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Behind Bars: Navigating Intersectionality and Challenges Faced by Women of Diverse SOGIE in Philippine Jail Facilities by Maricel Aguilar and Reann Mantilla



Behind Bars: Navigating Intersectionality and Challenges Faced by Women of Diverse SOGIE in Philippine Jail Facilities

by Maricel Aguilar and Reann Mantilla


Crucial to the pursuit of women’s empowerment and gender equality is the concept of intersectionality. Coined by Black feminist legal theorist Kimberle Crenshaw, intersectionality refers to the interconnected nature of race, class, sex, gender, and other identity markers. It underscores that individuals may have overlapping and intersecting experiences of discrimination based on their identity.


In the course of their lifetime, Filipino women experience various forms of gender biases and abuse, both in the private and public spheres. However, certain groups of women experience more severe forms of discrimination – such as lesbians, bisexuals, and transmen (LBT) persons deprived of liberty (PDLs).


Twenty (20) women of diverse sexual orientation and gender identity and expression (SOGIE) were invited to a discussion with the GOJUST II project team to learn about their experiences as PDLs. Most of the women who participated were under custody due to violations under Republic Act No. 9165 or the Comprehensive Dangerous Drugs Act of 2002, with an average of four years in custody. A majority also identified as lesbians.

Living arrangements for cis-gender women and women of diverse SOGIE vary among facilities. In some, LBTs are segregated from cis-gender women, with transmen further segregated in a separate building within the LBT complex.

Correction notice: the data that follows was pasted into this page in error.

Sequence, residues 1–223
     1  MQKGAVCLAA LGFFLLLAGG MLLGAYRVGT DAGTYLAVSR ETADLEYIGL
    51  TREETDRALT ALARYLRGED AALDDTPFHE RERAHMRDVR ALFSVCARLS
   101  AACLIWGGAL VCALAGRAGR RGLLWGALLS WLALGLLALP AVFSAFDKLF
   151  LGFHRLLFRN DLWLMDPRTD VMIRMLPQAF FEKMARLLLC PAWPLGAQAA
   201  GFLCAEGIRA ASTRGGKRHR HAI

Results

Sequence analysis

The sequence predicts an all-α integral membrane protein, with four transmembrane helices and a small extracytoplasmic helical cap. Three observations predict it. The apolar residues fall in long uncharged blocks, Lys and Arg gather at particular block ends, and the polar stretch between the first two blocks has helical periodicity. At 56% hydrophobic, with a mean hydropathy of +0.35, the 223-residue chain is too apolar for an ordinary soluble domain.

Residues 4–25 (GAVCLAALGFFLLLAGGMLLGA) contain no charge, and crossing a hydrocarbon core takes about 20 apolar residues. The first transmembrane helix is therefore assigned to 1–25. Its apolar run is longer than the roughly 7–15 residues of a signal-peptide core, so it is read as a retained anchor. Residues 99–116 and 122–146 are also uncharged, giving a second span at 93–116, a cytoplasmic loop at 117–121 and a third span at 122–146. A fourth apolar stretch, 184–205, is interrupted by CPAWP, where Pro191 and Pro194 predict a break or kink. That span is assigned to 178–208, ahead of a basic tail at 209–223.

In contrast, other facilities house them together. Discussions revealed that the segregation of transmen has both positive and negative impacts. On the one hand, it allows them to interact with peers and discuss personal matters freely. However, some instances suggest that they may be perceived as troublemakers by their cis-gender counterparts. Conversely, facilities where LBTs live alongside cis-gender women reported no harassment or discrimination.


Jail communities, led by their appointed leaders, aim to maintain harmony and order among PDLs, providing advice and psychosocial support. Some facilities have agreements on behavior, such as separate bathing arrangements for cis-gender women and LBTs. Age is also considered, with older individuals not sharing sleeping bunks with younger PDLs to prevent sexual harassment. This community created by the LBT PDLs themselves could be a potential for supporting their rehabilitation and preparation for reintegration. Building the capacities of PDL leaders is crucial as they serve as PDL support while they are in detention.

While health services, including sexual and reproductive health (SRH) services, are provided, their availability depends on facility resources or other organizations conducting jail outreach programs.